The following blog post is a segment from award-winning ghostwriter Allen R Smith’s recent post, “Writing What They Meant to Say,” about capturing his clients’ true voice. Read the full article here.
Skilled writers don’t just write what people say. They have to make up for hand and face gestures, repeated phrases and more through careful crafting of words.
When I tell people what I do for a living, the first thing out their mouth is, “Oh, I can’t write worth a damn. Never could. I don’t know how you do it.” But, chances are they do know how to speak. After all, they’ve been doing it since they were toddlers. The problem is, unlike their golf game, they’ve never been particularly interested in improving their style and delivery. As long as they get the general message across, they’re happy.
Writing is hard work. Don’t believe me? Try telling someone how to tie their shoes. Then, ask them to describe the same thing using the written word. Most non-writers will freely admit that putting thoughts down on paper is not something for the faint of heart. So, they usually stick to what they do best: communicate using the spoken word. In his 2019 article, “Why Is Writing More Difficult Than Speaking?” Kenneth Beare wrote:
Writing in English needs to follow rules of grammar much more closely than in spoken English. For example, if someone says ‘Please borrow me your pen’ in conversation, it’s clear from the context that the speaker intended to say ‘Please lend me your pen’. In written communication, words are even more important because they lack visual context. Especially if you are working in a business setting, making mistakes can cause miscommunication which might lead to problems. In conversation, you can smile and make a good impression. With writing, all you have are your words.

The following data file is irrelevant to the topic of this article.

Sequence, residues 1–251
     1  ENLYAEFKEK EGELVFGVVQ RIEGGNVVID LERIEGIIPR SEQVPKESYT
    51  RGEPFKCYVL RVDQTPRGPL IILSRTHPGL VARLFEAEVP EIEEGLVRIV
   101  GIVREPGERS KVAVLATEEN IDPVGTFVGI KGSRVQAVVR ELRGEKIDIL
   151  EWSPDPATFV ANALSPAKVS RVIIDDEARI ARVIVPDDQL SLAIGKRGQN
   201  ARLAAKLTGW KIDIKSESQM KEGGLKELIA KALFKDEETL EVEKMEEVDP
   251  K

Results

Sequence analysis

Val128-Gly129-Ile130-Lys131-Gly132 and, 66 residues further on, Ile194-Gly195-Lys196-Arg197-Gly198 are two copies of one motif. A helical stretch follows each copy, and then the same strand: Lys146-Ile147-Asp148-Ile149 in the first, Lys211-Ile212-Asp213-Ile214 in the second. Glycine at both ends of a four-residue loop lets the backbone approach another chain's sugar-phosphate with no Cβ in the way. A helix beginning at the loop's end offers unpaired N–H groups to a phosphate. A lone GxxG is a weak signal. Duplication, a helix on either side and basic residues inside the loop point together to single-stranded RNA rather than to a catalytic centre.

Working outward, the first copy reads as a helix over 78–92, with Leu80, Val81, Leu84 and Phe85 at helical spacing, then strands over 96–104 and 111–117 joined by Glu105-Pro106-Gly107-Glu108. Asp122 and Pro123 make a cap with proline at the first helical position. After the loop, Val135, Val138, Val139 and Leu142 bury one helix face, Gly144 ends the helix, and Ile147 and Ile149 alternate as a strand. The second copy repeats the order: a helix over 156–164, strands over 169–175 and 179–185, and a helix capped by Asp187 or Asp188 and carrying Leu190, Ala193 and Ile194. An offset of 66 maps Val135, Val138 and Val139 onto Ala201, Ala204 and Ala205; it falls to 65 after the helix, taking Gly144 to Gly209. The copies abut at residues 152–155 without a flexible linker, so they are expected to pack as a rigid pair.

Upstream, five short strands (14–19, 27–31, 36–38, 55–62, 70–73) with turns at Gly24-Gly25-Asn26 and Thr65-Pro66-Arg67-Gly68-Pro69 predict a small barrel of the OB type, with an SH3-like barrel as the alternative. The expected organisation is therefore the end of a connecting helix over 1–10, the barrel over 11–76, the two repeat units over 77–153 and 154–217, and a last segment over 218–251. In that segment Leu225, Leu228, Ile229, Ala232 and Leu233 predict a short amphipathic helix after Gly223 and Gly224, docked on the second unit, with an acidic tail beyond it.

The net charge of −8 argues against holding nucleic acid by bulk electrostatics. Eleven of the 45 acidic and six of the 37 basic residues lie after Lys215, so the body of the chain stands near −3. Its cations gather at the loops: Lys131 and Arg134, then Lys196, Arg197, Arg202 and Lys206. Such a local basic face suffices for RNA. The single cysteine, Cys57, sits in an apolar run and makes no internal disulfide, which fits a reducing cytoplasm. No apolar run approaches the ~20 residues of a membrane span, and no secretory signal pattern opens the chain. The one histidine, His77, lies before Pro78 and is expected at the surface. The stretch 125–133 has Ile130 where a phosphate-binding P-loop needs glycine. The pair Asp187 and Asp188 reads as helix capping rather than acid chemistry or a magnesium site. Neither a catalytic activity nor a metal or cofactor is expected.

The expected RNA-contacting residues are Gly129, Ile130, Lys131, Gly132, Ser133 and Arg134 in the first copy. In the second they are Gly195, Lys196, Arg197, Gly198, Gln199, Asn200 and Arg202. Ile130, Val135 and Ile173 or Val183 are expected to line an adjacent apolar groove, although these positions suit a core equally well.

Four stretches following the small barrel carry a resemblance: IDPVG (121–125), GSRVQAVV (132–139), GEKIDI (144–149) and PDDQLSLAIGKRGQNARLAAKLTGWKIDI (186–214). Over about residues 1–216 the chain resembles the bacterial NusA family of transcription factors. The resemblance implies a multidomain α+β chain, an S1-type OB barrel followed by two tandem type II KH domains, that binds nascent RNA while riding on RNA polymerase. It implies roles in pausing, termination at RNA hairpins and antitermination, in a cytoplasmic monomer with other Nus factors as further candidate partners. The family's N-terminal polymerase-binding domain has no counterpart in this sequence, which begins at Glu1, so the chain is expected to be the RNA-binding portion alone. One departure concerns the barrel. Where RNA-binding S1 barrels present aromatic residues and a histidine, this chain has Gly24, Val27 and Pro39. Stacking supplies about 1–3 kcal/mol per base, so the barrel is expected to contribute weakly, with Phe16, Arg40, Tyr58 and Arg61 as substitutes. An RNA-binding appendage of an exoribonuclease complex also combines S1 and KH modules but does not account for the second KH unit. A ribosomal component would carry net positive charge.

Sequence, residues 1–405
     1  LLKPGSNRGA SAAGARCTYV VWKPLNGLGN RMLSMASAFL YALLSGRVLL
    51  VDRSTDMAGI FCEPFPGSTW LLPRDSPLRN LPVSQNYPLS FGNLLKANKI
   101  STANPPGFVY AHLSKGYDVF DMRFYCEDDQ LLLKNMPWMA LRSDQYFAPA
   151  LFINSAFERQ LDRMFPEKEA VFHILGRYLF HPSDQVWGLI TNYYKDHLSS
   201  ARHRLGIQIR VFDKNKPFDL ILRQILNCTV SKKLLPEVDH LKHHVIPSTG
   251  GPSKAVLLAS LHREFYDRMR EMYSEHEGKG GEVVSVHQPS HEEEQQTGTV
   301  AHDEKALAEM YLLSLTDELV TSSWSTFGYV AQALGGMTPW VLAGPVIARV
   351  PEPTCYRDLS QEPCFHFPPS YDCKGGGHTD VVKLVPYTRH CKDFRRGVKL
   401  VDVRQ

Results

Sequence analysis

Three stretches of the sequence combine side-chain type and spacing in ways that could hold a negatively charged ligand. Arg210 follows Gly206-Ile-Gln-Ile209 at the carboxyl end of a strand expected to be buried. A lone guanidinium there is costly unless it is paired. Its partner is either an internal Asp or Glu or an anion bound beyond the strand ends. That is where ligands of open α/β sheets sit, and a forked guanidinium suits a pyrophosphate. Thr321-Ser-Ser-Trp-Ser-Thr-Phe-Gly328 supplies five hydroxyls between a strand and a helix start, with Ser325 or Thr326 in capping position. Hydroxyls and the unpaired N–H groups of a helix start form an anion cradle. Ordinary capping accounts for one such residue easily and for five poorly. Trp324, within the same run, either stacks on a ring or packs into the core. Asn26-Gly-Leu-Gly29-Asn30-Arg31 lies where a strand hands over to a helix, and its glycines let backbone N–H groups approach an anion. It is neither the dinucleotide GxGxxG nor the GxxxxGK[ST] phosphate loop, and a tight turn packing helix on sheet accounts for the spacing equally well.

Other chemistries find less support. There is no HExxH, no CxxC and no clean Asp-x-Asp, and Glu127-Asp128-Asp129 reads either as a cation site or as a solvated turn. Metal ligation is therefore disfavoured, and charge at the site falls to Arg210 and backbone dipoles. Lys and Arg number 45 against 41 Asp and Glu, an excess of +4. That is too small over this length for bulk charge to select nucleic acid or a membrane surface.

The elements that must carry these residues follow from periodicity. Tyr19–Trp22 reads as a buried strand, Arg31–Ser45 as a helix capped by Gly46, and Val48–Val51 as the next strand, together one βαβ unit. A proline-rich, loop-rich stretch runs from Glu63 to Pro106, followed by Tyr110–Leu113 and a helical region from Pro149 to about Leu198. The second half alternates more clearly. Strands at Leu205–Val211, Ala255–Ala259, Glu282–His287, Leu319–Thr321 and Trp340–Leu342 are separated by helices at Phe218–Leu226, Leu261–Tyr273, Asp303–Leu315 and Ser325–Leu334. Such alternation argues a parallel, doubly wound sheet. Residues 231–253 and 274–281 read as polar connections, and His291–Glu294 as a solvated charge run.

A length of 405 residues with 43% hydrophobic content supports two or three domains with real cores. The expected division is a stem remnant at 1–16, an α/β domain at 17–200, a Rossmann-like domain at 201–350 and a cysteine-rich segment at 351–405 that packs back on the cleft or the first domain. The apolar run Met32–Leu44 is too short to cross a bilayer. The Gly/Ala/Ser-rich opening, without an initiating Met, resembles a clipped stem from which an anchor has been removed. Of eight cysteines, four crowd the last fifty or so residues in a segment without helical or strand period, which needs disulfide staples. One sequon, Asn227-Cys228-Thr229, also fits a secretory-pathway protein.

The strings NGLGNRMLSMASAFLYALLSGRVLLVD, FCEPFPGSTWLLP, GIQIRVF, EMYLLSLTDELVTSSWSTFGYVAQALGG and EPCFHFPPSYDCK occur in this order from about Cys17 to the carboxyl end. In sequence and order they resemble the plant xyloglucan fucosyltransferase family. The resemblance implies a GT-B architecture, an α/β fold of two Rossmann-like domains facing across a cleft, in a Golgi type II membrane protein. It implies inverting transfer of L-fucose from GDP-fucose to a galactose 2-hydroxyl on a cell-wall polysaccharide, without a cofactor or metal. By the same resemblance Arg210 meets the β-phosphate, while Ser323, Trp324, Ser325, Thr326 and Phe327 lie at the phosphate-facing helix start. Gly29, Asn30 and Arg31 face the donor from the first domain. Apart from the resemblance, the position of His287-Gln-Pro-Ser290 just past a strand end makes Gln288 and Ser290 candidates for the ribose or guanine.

The benefit of verbal communication is that it gives you an opportunity to emphasize free-form thoughts by adding, “What I meant to say is…” or “The bottom line is…” along with an infinite number of hand gestures, facial expressions, and assorted harumphs, ticks, winks, and spufftss. You don’t get to do that in writing. You have one shot at capturing your reader’s attention and that’s it. There are no do-overs.
When my ghostwriting clients share their amazing stories with me, they anticipate I’ll be using an informal, conversational writing approach that includes disfluencies like “um,” “ah,” and “youbetchya.” But, they’d be wrong. Unless they’re an essential part of the dialogue, I cling to an imaginary centerline using prose that’s attractive to all levels of readers, from people with advanced college degrees to those who have barely finished high school.
Ghostwriters also have to appeal to readers of all shapes and sizes, from all geographic regions. While the vast majority of my clients probably understand the meanings of “hitting the nail on the head” and “it takes two to tango,” they might be “left in the dark” by southern idioms like “lower than a snake’s belly in a wagon rut,” “I’m as busy as a one-legged cat in a sandbox,” and “Grinnin’ like a possum eatin’ a sweet tater,” so I try to avoid them by writing “I’m very depressed,” “I’m extremely busy,” and “I’m ecstatic.” Or, at least something along those lines.
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